In their bid to attract more customers, operators are approaching the market from new angles. Benjy's uses mobile sandwich vans to target industrial parks, while Subway, according to its chairman of development for UK and Ireland Neil Black, has started an assault on the kebab market.

Sandwiches and nightclubbers are not traditional bedfellows, but Black says the market offers "great, great business" with its hot sandwiches, such as steak and cheeses, seen as healthy alternatives to other fast foods.

However, although operators are exploring new revenue streams, Mike Greene, chief executive of Harris International Marketing (HIM), believes the industry is still not taking the market that comes to it.

The cost of lost sales is "huge", says Greene, with about 30-50% of consumers who intend to buy a sandwich leaving empty-handed. As well as a lack of availability and choice, a common mistake made by operators is to gear business around traditional mealtimes.

All-day grazing A survey of 8,000 consumers conducted by HIM last month found that two-thirds (62%) were eating or "grazing" throughout the day rather than at traditional mealtimes such as lunch and dinner.

Another common misconception, says Winship, is that UK sandwich consumers are driven by price. In fact, they are driven by perceived value for money and will pay more for a product they believe delivers that rather than shop around for cheaper offerings.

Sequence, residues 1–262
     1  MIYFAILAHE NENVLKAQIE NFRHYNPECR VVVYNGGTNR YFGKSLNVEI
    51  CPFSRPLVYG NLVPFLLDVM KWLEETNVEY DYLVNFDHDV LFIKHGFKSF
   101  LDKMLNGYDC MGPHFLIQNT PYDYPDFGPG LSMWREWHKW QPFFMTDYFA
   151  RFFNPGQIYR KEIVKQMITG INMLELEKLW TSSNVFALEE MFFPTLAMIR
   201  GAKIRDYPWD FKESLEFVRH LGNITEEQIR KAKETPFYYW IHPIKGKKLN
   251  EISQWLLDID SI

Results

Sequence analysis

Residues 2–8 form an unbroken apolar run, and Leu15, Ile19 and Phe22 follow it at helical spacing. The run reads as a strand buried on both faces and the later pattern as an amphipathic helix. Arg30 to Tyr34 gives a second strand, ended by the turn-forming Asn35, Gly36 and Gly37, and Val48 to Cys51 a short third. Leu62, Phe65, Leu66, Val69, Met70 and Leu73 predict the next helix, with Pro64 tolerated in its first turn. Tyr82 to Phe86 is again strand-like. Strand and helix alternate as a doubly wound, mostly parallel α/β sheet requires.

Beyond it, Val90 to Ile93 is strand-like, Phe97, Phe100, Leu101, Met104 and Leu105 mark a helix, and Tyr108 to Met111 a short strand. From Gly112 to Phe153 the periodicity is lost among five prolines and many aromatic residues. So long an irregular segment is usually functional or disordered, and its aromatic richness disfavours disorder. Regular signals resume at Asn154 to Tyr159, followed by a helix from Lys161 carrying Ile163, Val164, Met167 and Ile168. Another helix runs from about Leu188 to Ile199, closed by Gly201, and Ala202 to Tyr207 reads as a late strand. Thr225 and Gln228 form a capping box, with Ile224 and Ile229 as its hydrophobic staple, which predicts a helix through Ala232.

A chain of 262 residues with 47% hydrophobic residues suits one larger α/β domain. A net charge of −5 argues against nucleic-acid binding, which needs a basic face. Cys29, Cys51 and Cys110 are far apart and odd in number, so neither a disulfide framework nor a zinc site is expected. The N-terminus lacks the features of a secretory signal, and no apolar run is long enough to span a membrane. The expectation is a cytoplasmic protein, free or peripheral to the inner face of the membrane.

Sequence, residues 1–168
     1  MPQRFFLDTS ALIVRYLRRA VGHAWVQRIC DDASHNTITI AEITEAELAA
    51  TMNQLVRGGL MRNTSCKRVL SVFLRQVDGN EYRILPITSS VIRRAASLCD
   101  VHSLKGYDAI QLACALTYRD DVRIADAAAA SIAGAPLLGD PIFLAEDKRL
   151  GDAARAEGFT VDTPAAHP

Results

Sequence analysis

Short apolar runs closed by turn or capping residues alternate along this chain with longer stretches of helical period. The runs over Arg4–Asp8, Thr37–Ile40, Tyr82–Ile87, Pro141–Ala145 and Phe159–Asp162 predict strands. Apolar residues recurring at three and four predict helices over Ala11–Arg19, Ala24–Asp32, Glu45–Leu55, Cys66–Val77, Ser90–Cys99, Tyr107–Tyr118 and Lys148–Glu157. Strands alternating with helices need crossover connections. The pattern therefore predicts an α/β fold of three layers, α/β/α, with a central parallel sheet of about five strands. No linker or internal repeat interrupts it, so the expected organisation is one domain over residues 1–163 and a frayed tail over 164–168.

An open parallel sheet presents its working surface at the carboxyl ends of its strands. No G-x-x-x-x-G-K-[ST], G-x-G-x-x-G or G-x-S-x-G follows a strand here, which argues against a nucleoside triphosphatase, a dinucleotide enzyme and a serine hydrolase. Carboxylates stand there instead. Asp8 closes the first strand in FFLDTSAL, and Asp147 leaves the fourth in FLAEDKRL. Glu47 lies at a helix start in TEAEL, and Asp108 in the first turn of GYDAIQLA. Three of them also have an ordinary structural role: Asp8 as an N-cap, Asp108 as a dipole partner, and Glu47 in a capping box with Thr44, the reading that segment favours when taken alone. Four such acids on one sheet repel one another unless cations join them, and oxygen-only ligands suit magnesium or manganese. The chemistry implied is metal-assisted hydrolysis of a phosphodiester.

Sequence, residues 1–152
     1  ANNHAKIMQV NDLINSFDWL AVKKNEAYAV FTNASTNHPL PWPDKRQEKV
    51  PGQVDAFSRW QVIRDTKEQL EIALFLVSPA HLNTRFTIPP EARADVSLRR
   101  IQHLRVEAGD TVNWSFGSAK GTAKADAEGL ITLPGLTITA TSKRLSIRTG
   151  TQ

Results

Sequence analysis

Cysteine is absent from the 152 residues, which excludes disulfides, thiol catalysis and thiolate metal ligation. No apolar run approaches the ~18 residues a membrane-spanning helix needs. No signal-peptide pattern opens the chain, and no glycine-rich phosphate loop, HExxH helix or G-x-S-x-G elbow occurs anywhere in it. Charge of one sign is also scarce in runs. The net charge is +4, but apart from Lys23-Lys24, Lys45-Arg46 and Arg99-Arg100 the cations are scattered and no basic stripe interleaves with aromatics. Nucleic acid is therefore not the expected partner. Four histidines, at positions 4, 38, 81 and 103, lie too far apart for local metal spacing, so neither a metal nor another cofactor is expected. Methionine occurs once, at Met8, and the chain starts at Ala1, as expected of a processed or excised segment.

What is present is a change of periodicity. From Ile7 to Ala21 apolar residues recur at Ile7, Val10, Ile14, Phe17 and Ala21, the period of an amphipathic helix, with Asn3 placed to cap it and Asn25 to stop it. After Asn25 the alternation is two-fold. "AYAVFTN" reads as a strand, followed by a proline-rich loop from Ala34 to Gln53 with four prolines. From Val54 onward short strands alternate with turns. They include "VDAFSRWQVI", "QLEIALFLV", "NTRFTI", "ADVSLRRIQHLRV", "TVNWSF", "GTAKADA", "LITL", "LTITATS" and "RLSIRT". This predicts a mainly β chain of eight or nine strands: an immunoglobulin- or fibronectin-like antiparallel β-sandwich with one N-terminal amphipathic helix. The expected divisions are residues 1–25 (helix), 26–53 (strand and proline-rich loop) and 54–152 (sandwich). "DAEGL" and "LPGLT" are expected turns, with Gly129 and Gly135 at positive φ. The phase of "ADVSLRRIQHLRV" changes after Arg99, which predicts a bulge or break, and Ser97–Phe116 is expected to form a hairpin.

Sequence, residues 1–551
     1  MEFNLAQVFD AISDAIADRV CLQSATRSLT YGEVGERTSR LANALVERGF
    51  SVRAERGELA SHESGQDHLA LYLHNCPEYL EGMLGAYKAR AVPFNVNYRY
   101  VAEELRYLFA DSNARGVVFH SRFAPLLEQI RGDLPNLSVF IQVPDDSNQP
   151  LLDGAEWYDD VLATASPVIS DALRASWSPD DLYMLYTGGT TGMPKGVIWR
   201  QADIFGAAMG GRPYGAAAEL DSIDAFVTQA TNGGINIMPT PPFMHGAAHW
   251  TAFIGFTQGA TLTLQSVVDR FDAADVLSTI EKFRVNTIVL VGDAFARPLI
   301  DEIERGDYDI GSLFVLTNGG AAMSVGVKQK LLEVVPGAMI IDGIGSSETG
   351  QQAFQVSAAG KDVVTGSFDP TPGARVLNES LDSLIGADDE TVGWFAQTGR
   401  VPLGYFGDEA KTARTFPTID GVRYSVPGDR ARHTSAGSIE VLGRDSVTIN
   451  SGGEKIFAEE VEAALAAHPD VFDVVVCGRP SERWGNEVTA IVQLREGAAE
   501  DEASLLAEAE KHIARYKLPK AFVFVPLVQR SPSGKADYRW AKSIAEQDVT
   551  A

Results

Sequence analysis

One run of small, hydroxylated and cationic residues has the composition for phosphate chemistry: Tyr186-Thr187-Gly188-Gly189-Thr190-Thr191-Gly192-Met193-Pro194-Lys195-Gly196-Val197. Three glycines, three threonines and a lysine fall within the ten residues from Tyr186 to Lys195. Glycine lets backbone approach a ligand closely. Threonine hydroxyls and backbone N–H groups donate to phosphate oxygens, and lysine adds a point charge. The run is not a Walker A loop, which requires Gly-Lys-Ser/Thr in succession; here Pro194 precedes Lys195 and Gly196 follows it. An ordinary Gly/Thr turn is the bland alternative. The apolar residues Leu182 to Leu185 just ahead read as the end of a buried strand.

Greene agrees. "If you get the quality and service right, consumers will pay a premium - Pret A Manger is a great example of that," he says.

As the market continues to become more competitive, some operators are resorting to ever more cunning and desperate means to defend their share. Witness the rise of the "sandwich saboteur" who, for a fee, will employ tactics such as buying up the stock in a rival's outlet in a bid to change customer buying patterns.

While Greene calls this "a bit extreme and crazy", it is all perfectly legal, if perfectly ungentlemanly. n

Sandwich facts - The commercial sandwich market in the UK is worth about £3.5b, equating to some 2,432 million sandwiches.

  • While cheese is the most popular filling in home-made sandwiches, since 1999 chicken has been the most popular filling for bought sandwiches.
  • Sales of healthy-eating sandwiches are up by about 11% year-on-year and now account for some 8.2% of sales.
  • 80% of sandwiches are still made at home.
  • It is estimated that UK consumers eat about 12,160 million sandwiches each year.
  • Males account for 57% of all commercially made sandwich sales.
  • More than 62% of all sandwich buyers are aged 20-44.
  • About a million consumers buy sandwiches five days a week.
  • The UK sandwich industry employs about 300,000 people.

Source:The British Sandwich Association/Taylor Nelson Sofres (TNS) SandwichTrak programme, which interviews 2,000 consumers monthly about their sandwich purchases; and the TNS Family Food Panel out-of-home research programme

Eurest Lunchtime Report - Sandwiches and baguettes are still the most popular lunchtime option (52% in the UK; 66% in Ireland)

  • Younger workers are more likely than older workers to choose sandwiches.
  • In Ireland, 18% of workers buy lunch in a local sandwich shop or caf‚, compared with 14% in the UK.
  • The average lunch break is 27 minutes in the UK and 33 minutes in Ireland.
  • Just over one in three workers (38%) brings in a packed lunch from home - most of these are aged over 55 (45%) and married (41%).